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AMY CERVINI/Jazz Country: Cervini has already proven herself to the point of not having to prove anything, so album four finds her expanding the role of the jazz singer tackling what the Canada native is calling "North Americana" mixing oldies with country songs, soundtracks, originals and of course, jazz classics under the watchful ear of producer Matt Wilson who hits nary a skin anywhere in the proceedings. A bag breaker as well as a genre buster, Cervini's next project could be tackling the phone book and she's make it sound interesting. With the band and guests leaving their egos at the door, the music here and performance here speak volumes melding into a wonderful listening experience that works throughout. Well done.

BEAT KAESTLI/Collage: Wonder why this guy sounds familiar? Well, Swiss Air featured two of his album in flight for a year. There's a trail of other off beat placements where he's had the chance to sink into your consciousness without you realizing it. The Swiss transplant to New York has found to key to making records that should be gift shop records without them being doomed to that fate. Covering chestnuts like "La Mer", "Besame Mucho", "La Vie en Rose" and others, he uses that secrecy the Swiss used to use to guard their bank accounts in hiding the key elements of his special sauce that make this album delicate yet sturdy yielding quite the romantic session loaded with international flair. A tasty mix throughout, wannabes should note there was a lot of dues paying to get Kaestli to this point and it's what you have to do if you want to make it and make it right. A winner throughout.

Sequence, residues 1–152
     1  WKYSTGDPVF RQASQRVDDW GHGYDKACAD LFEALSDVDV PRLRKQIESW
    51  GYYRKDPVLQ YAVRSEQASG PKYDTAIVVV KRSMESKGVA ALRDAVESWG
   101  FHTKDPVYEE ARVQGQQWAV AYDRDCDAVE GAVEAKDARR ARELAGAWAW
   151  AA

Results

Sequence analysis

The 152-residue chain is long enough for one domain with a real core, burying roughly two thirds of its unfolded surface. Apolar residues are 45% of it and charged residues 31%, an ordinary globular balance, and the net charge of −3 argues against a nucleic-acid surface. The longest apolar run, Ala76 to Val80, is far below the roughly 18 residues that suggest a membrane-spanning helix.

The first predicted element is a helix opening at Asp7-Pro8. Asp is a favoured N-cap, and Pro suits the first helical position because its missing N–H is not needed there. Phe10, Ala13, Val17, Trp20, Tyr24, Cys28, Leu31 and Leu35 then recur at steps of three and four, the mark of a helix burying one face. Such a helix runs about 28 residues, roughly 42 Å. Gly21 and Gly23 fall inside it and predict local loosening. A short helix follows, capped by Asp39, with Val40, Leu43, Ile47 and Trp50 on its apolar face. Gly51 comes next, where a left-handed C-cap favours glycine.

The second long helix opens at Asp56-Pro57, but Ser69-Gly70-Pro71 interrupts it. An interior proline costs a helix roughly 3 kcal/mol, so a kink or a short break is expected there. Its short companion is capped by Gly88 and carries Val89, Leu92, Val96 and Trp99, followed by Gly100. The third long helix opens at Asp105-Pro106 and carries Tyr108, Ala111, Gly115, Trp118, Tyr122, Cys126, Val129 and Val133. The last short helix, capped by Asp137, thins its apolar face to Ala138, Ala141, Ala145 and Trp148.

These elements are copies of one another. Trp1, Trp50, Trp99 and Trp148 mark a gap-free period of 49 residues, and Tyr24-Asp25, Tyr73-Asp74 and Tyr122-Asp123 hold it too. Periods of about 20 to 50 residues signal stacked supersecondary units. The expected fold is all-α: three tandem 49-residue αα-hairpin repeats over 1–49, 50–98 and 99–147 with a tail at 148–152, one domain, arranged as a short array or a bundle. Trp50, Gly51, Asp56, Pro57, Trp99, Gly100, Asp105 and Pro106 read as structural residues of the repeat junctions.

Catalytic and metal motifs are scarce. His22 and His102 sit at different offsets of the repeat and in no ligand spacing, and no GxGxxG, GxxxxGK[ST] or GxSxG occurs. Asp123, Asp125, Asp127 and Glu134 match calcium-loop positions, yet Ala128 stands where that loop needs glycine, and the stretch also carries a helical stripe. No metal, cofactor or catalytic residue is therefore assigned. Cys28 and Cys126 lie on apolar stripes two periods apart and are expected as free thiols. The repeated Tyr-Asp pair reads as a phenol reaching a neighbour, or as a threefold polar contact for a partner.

STEVE DAWSON/Rattlesnake Cage: If you think you haven't heard anything like Dawson since the middle period of Takoma Records golden age, you are correct sir! A cat that can hold his own against young Leo Kottke, he is a long time award winner in his native Canada. Dawson has relocated to Nashville and if nothing else, he can establish him self in the competitive session scene there in a heartbeat. Whether hippie granola eater or acoustic guitar fan, Dawson delivers great listening throughout. If this is "American primitive guitar" then let's all go back to the stone age. Killer stuff that's simply a cut above.

PAULINHO GARCIA/Beautiful Love: Hats off top my new friend that I never met, Dr. Judith Schlesinger. 30 years ago, I "discovered" Garcia at a Peruvian restaurant in a crummy neighborhood. His break came half way through my meal so I stopped eating, wandered up to the ‘bandstand' and told him I wanted to record him. He looked at me like he was wondering why and what I was talking about. End of discussion. He's gone on to make a bunch of groovy albums in the meanwhile, but this was the record I wanted to make. Garcia and his guitar with vocals. One of those albums that proves well done simplicity is always in style, Garcia nails romantic interlude just right. Understatedly warm and sexy, releasing this album on Valentine's Day is just the right finishing touch. Loaded with pure, uncut Brazilian vibes, this album hits all the right notes throughout. Check it out.